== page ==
I Just Got a Rate Increase on my Long Term Care Insurance Policy (Part 2)
Last week I was telling you about a call we get with increasing frequency. Jim received a letter notifying him of a rate increase of 60% on his long term care insurance premium. He wanted to know what he should do.
The letter explained that the increase is not based on a change in Jim’s age, health, claims history or really anything specifically about Jim. The reason for the increase is that the insurance company underestimated the number of claims and the amount paid out on those claims when it set the premium at the time Jim purchased the policy. In other words, it must raise the premium to be sure it will have enough money to cover future claims.
The insurance company can’t do this unilaterally. It must get approval first from the New Jersey’s Department of Insurance. Often times, the State will approve a smaller increase or will grant the desired increase but spread over a period of several years. The State also requires the insurance companies to offer their policyholders options rather than simply raising the premiums.
Let’s go back to Jim’s letter. He currently has a policy that provides a benefit of $300 per day for up to 4 years to cover his care at home, in an assisted living facility or in a nursing home. His policy has an inflation rider of 5% simple, meaning that every year the daily benefit increases by $10 (5% of $200, the original daily benefit he purchased). His current premium is $2400 per year. To keep the same coverages he must now pay $3840 per year. Jim has been offered several options.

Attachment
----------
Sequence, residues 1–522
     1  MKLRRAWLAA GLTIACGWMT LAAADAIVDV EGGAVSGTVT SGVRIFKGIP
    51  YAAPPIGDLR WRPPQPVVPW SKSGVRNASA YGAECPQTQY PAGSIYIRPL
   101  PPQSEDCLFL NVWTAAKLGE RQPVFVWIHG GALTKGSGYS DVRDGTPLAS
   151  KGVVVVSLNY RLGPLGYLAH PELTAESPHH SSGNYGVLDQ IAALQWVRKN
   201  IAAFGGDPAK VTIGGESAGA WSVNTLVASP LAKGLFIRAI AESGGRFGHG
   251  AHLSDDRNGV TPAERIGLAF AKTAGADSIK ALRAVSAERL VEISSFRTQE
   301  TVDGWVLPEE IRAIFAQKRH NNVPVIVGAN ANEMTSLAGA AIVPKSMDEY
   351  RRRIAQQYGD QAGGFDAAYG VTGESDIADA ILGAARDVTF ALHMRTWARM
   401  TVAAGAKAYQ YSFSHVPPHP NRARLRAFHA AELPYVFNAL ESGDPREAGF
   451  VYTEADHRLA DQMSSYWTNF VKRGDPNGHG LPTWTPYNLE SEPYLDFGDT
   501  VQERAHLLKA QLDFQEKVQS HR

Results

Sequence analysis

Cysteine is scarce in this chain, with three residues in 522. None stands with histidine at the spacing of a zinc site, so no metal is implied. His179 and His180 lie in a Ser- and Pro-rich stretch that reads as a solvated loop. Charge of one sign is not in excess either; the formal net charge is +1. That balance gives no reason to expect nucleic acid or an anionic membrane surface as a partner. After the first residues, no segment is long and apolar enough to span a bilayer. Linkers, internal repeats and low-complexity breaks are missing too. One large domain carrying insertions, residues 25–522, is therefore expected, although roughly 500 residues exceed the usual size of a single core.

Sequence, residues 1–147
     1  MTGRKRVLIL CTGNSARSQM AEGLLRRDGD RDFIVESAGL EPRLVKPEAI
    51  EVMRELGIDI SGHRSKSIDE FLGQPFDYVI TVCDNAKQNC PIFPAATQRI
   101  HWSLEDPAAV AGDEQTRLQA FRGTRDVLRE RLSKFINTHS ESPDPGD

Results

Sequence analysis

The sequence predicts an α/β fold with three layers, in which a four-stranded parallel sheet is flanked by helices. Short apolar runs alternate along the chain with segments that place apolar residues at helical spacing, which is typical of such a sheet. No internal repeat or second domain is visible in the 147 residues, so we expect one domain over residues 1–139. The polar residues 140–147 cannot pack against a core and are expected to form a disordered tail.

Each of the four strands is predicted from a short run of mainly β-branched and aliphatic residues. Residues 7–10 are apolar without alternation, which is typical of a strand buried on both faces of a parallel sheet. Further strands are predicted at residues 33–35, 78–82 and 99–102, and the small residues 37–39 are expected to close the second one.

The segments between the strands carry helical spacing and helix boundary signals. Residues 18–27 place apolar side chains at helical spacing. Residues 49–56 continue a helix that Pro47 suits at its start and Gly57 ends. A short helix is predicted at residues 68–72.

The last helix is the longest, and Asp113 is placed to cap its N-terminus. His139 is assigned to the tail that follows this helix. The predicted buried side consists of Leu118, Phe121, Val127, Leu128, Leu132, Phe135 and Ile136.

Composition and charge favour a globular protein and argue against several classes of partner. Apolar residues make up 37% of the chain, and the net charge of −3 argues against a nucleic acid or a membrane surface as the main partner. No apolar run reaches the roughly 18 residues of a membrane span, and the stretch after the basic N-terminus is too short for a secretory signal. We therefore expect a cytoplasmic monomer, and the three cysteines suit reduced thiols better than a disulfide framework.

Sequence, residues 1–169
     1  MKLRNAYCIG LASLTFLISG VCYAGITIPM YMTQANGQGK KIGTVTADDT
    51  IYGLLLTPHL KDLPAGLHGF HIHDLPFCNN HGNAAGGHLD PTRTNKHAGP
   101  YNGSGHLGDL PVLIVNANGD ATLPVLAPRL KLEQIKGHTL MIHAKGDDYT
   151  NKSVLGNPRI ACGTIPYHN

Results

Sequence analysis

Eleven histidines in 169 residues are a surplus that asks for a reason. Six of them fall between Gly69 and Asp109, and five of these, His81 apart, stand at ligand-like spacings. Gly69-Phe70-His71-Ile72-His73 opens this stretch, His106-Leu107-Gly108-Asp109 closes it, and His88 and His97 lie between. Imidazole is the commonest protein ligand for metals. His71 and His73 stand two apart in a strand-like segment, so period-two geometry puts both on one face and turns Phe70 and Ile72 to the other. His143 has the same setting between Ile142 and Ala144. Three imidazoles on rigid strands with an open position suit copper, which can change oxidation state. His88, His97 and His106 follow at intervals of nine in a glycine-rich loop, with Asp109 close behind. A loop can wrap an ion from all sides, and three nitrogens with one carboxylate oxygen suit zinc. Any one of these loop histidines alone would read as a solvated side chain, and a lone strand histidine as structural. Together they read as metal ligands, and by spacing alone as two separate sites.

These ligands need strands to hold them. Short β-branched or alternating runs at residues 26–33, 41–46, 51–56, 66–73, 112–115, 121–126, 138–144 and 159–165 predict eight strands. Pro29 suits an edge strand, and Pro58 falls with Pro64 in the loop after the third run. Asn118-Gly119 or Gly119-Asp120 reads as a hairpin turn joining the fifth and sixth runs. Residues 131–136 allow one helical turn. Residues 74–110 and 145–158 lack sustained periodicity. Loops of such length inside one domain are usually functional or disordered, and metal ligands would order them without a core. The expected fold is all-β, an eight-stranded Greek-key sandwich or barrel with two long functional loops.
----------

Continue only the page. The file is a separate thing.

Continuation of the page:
Option 1A is to reduce his inflation protection to 1% simple. That means that every year his daily benefit will increase by $2 instead of $10. Over time that will erode his coverage because long term care costs are increasing at a much higher rate, by some calculations as much as 5% to 7% per year. Nevertheless, taking this option means that Jim will avoid the premium increase.
The insurance company has also offered Jim an Option 1B which enables him to avoid half the increase if he reduces the inflation rider to 3%. That means his premium will jump 30% but his daily benefit will increase by $6 each year.
Option B allows Jim to essentially redesign his policy to reduce the premiums he will pay. He can call the insurance company to discuss options that may be available to reduce his daily benefit, the inflation rider, the elimination period (waiting period before benefits start), or the type of care covered. In this way he may be able to reduce his premium to an amount close to what he has been paying.
Option C is a limited benefit that does not require Jim to make any more premium payments. It is a paid up policy that provides total coverage under the existing limits of Jim’s policy up to the amount of premiums he paid. If Jim has paid $2400 per year in premiums for 10 years, under this option he has $24,000 of long term coverage payable at $300 per day. In other words, if he decides the increased premiums make the policy unaffordable and he drops it, the insurance company must at least give back his premiums in the form of long term care coverage.
None of these options, however, allows Jim to keep what he thought he had bought and locked into10 years ago. So what should he do? The tendency for many who find themselves in Jim’s shoes is to focus on the premium and take option 1A. However, Jim chose his original coverage amount because he determined that this was what he needed to protect himself. Simply focusing on keeping the cost down leaves him unprotected.
There is another greater danger to consider and I’ll share that with you next week.